Fonts and typefaces are one of those things we give little or no thought to in our everyday lives. They surround us daily, on street signs, billboards, movie posters, books, newspapers, sides of trucks and just about everything else we buy.
Here is a brief history of typefaces. Typefaces are now over 560 years old but until about 25 years ago we barely knew their names. With the everyday access to computers, both at home and at work, and their pull down font menus we have been made aware of the vast array of different fonts available to us.
Steve Jobs brings fonts to our attention
After one paid semester at University in 1972, Jobs spent 18 months hanging out at Reed University studying Calligraphy. His professor was the ex-trappist Monk, Robert Pallandio.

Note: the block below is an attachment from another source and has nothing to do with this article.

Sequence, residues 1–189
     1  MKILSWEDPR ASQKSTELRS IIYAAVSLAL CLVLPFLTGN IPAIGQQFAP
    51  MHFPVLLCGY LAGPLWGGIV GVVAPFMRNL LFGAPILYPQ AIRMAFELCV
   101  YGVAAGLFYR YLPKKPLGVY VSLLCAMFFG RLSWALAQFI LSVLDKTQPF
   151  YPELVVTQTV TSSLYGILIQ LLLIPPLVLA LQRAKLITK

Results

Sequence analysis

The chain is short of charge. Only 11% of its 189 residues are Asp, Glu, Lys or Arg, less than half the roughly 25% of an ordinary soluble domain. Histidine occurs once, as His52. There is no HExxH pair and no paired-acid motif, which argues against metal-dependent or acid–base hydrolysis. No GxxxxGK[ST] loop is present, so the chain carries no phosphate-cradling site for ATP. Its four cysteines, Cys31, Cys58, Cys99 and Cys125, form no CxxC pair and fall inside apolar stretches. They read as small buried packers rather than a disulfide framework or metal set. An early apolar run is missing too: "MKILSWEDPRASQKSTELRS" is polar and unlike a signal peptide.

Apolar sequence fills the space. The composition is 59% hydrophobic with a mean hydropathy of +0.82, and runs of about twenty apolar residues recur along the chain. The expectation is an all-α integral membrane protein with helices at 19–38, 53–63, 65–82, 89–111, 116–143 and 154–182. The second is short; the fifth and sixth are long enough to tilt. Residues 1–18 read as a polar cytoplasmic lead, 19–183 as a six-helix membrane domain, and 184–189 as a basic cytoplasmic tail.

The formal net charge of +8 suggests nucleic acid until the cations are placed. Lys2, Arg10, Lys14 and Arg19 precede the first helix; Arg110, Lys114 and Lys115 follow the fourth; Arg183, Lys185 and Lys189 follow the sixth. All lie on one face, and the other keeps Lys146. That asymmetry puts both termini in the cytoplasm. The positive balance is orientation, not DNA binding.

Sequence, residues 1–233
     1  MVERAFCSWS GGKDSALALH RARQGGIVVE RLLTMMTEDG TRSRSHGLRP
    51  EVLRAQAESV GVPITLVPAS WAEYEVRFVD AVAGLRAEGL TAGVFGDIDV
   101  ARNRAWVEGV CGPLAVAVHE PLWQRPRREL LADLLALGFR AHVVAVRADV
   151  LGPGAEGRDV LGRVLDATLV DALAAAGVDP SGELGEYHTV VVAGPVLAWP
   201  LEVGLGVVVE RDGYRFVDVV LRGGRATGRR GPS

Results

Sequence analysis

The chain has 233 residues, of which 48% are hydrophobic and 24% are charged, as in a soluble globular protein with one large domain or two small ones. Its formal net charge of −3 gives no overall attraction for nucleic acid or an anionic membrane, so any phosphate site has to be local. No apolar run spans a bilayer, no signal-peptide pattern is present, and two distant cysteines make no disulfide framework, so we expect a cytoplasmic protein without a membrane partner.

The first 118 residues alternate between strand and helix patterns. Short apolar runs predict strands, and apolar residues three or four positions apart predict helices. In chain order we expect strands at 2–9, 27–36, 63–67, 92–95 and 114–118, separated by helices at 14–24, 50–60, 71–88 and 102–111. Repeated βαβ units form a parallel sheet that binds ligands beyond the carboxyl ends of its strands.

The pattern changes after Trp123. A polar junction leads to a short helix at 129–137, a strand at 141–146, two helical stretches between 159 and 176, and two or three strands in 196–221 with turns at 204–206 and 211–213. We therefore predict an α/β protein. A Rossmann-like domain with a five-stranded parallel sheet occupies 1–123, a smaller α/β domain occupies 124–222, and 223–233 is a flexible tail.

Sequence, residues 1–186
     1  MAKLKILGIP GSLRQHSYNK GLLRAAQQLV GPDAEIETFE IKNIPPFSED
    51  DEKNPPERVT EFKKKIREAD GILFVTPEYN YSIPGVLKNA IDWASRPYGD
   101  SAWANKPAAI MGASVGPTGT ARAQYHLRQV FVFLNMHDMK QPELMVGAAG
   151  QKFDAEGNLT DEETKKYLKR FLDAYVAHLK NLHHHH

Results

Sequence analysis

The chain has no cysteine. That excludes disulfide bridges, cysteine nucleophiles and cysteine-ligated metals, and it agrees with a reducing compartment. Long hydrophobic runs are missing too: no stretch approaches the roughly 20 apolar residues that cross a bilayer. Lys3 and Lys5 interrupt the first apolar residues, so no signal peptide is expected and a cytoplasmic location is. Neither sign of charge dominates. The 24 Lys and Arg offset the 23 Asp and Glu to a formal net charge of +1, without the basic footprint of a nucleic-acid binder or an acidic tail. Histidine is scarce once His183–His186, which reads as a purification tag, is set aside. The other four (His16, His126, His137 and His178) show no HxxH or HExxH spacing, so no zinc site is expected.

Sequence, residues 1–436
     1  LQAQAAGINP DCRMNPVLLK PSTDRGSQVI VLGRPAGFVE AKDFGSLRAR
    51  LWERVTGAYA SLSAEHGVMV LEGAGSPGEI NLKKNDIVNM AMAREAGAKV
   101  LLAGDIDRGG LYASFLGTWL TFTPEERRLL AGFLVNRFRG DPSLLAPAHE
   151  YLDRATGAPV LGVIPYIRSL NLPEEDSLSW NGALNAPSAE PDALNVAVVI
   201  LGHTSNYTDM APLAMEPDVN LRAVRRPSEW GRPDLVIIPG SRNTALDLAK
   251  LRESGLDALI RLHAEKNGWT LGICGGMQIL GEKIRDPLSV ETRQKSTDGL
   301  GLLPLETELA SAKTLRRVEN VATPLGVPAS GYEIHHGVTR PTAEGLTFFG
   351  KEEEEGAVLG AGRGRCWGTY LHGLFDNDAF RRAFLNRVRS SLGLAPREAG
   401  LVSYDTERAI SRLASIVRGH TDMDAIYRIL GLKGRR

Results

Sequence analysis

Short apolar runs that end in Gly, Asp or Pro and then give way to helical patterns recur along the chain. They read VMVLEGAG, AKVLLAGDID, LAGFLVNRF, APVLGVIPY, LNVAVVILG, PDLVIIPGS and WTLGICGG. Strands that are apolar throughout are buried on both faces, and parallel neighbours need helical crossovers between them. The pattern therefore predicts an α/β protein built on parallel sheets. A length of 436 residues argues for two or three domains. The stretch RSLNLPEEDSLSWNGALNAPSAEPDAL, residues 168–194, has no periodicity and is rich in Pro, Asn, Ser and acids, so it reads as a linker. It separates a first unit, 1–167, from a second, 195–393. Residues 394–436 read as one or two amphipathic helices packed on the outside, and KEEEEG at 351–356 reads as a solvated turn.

“I learned about serif and san serif typefaces, about varying the amount of space between different letter combinations, about what makes great typography great. It was beautiful, historical, artistically subtle in a way that science can’t capture, and I found it fascinating.”
— Steve Jobs
When Jobs designed his first Macintosh computer, it came with something unprecedented for this time – a wide range of fonts. This range included familiar types such as Times New Roman and Helvetica. Jobs also introduced new designs and seemingly took great care in their appearance and naming. They were named after cities he loved – Chicago and Toronto.